Juniper Research – a firm known for providing research and analytical services to the global hi-tech communications sector – just released an astounding research showing the amazing impact blockchain and the Internet of Things (IoT) would have in the coming years.
The paper, tagged Blockchain: Key Vertical Opportunities, Trends & Challenges 2019-2030, gives an in-depth insight into how powerful the IoT and blockchain could be if they are used side by side.
According to the paper, this incredible duo possesses massive potential to increase redundant reductions in food and cut down food fraud, which can save the food industry up to $31 billion by 2024.
Juniper Research proposes that an accurate store of information and a well-crafted tracking system is all that is needed to reduce food fraud including diluted, mislabeled and substituted foodstuffs.
Combining both players, the Internet of Things would serve as a great link between the physical and digital world, keeping track of locations and other relevant info across the global supply chain. Blockchain technology, on the other hand, would be immensely useful in storing the data gathered as it boasts the most secured space to store info on the planet.
What is the use of having all the info when there is no transparent medium to store them for everyone involved to see? Storing food details on paper-based systems has got to be the one of the easiest aspects to exploit in the global food industry as this info can be simply manipulated as the food travels down the global supply chain.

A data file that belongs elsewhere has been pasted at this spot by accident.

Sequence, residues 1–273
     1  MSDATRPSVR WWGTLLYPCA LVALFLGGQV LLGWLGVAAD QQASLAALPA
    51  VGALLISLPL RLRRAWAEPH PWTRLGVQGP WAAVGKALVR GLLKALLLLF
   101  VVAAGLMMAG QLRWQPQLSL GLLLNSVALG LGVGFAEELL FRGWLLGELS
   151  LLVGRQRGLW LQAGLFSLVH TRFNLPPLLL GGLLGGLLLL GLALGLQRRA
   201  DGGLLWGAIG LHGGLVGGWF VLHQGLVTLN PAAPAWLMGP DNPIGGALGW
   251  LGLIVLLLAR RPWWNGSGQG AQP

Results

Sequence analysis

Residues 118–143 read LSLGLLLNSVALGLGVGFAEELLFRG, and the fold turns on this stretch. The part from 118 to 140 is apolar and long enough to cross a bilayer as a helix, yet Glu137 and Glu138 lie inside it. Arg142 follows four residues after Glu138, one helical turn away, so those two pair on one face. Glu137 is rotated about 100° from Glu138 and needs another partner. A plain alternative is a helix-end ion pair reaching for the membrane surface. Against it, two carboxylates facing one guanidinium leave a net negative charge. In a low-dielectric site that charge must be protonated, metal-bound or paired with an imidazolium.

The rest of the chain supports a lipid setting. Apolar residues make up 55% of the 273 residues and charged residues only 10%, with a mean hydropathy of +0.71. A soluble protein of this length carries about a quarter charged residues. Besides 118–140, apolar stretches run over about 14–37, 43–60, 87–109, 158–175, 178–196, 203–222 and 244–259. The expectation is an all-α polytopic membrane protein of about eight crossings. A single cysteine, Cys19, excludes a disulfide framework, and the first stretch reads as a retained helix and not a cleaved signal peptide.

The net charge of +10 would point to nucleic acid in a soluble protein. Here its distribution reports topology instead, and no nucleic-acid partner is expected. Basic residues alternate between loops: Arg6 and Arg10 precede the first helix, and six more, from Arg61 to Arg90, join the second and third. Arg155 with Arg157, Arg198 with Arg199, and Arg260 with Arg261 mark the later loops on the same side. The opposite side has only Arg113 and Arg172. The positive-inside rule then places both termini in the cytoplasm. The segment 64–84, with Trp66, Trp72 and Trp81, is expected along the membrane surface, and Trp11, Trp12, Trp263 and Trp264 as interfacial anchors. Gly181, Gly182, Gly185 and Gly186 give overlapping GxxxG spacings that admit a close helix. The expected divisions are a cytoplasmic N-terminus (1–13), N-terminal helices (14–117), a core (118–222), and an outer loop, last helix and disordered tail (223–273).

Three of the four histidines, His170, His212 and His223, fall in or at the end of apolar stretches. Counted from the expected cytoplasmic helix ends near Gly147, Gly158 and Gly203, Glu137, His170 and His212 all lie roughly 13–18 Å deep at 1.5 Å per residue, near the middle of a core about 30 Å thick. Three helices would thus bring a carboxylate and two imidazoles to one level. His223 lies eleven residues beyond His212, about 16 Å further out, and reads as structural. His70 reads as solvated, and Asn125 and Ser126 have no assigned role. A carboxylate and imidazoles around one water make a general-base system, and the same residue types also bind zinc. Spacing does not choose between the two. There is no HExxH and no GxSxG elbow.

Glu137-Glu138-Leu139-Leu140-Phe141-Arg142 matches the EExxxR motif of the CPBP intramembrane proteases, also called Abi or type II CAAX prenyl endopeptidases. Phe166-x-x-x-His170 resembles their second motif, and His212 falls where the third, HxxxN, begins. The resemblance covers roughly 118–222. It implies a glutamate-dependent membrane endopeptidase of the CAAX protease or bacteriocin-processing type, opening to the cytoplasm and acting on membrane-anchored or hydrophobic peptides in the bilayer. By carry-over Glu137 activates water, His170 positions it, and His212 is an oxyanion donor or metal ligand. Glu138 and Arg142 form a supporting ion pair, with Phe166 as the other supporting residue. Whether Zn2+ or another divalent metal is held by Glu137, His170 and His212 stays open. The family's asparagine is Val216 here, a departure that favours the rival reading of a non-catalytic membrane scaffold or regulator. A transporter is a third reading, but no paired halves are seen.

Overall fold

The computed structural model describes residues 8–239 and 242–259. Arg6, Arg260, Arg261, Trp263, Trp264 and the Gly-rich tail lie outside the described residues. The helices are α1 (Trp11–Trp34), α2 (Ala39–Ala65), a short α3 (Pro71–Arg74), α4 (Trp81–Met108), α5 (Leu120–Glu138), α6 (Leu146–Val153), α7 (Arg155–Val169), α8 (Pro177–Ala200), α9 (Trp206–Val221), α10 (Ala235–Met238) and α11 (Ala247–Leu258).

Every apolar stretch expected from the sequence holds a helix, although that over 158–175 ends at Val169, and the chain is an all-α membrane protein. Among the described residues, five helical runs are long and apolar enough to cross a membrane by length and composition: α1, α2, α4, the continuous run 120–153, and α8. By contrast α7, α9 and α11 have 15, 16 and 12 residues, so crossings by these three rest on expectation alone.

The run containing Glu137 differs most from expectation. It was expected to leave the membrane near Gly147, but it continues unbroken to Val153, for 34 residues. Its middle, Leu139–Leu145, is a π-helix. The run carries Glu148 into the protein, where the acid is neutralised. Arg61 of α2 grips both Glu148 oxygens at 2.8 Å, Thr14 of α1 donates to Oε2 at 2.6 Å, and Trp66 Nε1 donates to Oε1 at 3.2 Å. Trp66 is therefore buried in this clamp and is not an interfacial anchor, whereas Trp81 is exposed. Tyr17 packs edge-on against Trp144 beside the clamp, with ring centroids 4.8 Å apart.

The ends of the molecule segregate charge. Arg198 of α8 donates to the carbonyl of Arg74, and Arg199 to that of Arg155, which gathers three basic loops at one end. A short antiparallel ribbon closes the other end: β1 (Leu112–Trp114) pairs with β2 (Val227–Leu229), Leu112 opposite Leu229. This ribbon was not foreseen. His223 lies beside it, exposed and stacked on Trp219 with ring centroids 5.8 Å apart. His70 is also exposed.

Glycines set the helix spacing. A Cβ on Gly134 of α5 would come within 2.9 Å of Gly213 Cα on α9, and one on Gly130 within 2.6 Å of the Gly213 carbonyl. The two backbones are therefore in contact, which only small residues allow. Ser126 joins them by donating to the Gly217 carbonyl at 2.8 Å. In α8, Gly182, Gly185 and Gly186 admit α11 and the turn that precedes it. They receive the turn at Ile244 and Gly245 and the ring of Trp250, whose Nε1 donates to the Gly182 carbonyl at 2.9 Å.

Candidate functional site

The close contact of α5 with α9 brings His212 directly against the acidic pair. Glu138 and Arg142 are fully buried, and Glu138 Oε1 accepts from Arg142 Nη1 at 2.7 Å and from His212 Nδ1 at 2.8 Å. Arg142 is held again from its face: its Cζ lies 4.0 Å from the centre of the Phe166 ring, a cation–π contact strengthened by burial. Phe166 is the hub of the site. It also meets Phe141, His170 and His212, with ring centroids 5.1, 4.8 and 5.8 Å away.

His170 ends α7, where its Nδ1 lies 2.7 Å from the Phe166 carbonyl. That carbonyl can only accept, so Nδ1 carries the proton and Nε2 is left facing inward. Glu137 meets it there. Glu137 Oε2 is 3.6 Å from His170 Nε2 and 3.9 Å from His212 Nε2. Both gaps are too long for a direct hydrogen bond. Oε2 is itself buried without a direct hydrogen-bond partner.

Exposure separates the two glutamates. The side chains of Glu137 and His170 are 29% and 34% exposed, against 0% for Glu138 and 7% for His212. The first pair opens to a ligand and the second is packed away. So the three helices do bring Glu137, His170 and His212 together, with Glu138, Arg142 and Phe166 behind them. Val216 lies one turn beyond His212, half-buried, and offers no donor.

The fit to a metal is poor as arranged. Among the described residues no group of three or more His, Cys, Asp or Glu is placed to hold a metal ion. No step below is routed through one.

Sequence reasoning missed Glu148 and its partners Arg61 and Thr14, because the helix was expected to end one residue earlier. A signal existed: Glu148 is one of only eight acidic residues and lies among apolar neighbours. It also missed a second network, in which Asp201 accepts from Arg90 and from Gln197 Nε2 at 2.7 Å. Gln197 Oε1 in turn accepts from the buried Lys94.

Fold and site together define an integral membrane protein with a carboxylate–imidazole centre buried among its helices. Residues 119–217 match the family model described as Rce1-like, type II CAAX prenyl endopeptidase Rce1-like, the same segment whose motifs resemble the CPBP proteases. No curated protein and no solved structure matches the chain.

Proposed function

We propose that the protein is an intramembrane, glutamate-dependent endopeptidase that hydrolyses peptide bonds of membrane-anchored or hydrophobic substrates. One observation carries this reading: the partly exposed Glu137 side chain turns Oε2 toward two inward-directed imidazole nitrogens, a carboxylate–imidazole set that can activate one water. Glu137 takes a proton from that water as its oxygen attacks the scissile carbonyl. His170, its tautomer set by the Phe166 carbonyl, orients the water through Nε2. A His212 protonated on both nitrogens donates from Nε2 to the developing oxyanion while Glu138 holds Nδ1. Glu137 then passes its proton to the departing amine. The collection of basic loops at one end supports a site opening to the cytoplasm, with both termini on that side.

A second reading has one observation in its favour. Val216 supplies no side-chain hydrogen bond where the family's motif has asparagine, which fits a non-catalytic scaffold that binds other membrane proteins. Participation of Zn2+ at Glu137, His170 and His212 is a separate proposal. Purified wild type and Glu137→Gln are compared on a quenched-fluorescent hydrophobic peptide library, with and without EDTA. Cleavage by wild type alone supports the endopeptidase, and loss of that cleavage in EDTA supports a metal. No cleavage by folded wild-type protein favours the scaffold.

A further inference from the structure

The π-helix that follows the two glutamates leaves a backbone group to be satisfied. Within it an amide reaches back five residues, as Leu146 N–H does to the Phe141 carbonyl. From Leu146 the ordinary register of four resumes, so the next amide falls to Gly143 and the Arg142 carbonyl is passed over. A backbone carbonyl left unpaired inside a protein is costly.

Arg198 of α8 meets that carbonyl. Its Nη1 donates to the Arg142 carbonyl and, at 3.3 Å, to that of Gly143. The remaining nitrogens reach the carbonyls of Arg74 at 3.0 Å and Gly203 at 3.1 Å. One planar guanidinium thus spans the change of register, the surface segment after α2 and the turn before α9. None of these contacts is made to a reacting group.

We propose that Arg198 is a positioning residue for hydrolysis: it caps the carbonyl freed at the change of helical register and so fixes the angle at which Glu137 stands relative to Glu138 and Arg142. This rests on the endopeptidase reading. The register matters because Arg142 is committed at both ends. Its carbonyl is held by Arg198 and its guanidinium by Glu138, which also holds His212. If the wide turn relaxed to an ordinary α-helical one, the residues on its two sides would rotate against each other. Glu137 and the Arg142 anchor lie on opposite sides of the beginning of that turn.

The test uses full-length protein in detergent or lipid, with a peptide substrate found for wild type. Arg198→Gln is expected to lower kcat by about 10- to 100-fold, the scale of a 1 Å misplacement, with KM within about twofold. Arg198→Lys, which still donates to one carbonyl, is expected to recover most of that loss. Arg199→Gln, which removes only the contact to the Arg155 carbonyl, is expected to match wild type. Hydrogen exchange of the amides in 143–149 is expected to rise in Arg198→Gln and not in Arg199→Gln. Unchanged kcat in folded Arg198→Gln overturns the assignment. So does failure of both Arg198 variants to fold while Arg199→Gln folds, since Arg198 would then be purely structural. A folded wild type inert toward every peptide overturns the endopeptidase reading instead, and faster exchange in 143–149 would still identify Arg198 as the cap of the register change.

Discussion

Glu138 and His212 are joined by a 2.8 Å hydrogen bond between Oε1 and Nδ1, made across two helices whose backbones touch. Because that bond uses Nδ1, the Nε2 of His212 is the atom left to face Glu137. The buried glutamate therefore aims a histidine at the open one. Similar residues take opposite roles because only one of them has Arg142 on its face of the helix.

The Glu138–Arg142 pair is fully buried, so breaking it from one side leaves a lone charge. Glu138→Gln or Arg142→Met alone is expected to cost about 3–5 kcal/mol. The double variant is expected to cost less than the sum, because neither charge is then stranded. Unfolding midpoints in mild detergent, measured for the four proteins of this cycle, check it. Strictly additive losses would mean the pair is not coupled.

Well, that will not be the case anymore. Findings by the research show that a good combination of this powerful duo will help to realize substantial savings in food fraud from 2021 and compliance costs are expected to reduce by 30% by 2024.
To prove the significance of blockchain in the food industry, you will agree that the top players in the global food industry are the same as the leading players in the food provenance space. This noble list includes Oracle, IBM, and SAP. The research advises other retailers to get in line and leverage the robust potential of this powerful duo before the ship sails.
In conclusion, Dr. Morgane Kimmich, the author of the research stated:
“Today, transparency and efficiency in the food supply chain are limited by opaque data forcing each company to rely on intermediaries and paper-based records. Blockchain and the IoT provide an immutable, shared platform for all actors in the supply chain to track and trace assets; saving time, resources and reducing fraud.”